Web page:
Recently, it has been revealed that up to 5,000 firms have borrowed up to S$4.5 billion from government-assisted schemes over the past few weeks in order to strengthen their defences against the impact of the COVID-19 pandemic.

Several companies have notified The Straits Times that they are utilising these financial aid funds to meet short-term costs such as rent and wages, while other businesses are putting more emphasis on the future and recovery of the company post-COVID-19. The majority of these companies that are taking out loans are SMEs with less than S$10 million in annual revenue.

The Government is taking a 90 percent risk share on loans under schemes overseen by Enterprise Singapore (ESG), such as the SME Working Capital Loan and the Temporary Bridging Loan Programme (TBLP) until 31 March next year.

DBS Bank said that about 80 percent of its loans are to SMEs, with around half of them having no prior borrowing history with the bank. It has approved more than 3,500 loans amounting to around S$1.1 billion to such companies under the ESG schemes, with the average borrowing amount at S$250,000.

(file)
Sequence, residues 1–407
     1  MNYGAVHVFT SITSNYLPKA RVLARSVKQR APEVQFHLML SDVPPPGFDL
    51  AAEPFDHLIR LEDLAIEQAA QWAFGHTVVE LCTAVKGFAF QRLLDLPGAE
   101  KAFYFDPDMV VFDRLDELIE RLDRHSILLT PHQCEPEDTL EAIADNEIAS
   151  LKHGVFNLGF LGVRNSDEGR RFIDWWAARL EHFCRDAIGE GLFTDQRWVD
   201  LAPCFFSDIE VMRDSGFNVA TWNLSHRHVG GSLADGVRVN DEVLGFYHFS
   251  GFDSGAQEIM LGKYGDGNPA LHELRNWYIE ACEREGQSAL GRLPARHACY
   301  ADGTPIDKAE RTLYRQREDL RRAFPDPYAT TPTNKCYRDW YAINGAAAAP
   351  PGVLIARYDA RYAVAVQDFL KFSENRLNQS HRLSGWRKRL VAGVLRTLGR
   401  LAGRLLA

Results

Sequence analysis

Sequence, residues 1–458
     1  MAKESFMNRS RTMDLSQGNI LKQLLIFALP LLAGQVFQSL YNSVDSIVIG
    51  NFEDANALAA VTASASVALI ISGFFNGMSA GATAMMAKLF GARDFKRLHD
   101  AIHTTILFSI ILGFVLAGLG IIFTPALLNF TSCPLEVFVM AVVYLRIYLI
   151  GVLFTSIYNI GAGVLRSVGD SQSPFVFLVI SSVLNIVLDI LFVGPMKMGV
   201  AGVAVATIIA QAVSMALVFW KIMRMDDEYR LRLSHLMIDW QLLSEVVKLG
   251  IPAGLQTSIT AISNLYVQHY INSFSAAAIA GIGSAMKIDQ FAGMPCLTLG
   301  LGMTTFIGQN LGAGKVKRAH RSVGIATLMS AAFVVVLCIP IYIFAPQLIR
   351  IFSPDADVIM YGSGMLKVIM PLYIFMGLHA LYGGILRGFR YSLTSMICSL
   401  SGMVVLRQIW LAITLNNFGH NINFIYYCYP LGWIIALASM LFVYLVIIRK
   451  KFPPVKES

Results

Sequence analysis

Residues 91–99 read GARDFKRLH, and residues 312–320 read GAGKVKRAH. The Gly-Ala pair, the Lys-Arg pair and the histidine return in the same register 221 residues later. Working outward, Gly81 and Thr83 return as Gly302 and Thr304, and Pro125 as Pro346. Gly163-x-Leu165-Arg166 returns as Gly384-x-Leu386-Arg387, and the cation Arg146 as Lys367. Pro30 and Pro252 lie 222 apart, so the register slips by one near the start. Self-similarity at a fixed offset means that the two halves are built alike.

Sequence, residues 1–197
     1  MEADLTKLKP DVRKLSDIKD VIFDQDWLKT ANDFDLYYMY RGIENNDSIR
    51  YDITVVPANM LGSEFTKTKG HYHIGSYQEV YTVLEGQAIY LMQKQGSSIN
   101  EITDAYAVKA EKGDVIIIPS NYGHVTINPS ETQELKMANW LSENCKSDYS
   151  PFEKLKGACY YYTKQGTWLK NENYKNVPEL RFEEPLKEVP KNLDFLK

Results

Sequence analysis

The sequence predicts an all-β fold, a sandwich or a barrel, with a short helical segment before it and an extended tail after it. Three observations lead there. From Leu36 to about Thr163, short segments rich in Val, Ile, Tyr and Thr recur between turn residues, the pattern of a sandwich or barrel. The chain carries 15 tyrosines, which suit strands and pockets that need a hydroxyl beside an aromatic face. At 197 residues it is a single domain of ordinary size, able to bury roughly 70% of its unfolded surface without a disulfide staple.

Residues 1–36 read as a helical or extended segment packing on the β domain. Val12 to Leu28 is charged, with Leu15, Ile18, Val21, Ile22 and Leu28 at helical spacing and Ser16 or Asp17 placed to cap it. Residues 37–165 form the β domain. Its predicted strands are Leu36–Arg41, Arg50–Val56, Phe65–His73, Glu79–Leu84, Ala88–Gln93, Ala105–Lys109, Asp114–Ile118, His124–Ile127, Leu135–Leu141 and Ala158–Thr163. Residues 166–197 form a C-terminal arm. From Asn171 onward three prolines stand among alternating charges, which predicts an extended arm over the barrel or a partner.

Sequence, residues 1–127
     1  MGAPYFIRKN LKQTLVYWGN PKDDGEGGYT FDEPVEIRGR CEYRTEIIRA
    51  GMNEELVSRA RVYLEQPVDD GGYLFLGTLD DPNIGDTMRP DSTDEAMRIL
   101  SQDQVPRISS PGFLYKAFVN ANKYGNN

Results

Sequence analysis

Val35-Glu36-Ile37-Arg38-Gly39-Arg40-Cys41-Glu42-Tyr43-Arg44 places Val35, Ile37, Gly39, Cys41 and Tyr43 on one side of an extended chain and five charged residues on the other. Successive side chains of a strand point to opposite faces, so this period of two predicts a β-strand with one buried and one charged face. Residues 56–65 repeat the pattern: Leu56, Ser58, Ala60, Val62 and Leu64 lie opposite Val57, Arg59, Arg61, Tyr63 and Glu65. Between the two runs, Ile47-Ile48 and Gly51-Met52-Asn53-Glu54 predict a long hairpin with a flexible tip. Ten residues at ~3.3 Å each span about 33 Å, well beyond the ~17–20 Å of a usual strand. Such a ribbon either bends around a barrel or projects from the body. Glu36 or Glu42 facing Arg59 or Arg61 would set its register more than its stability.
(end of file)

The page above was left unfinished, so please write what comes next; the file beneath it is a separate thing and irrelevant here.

On the other hand, OCBC bank has stated that it expects to disburse about S$1 billion of loans under the ESG schemes by the end of June. Both OCBC and United Overseas Bank (UOB) have noticed that the vast majority of loan applications for relief funds were processed under the TBLP; given the larger amount available under the scheme, up to S$5 million compared with the SME Working Capital Loan’s S$1 million maximum. As for the average loan amount, it is about S$2 million among mid-size firms and around S$300,00 for smaller businesses, said UOB.


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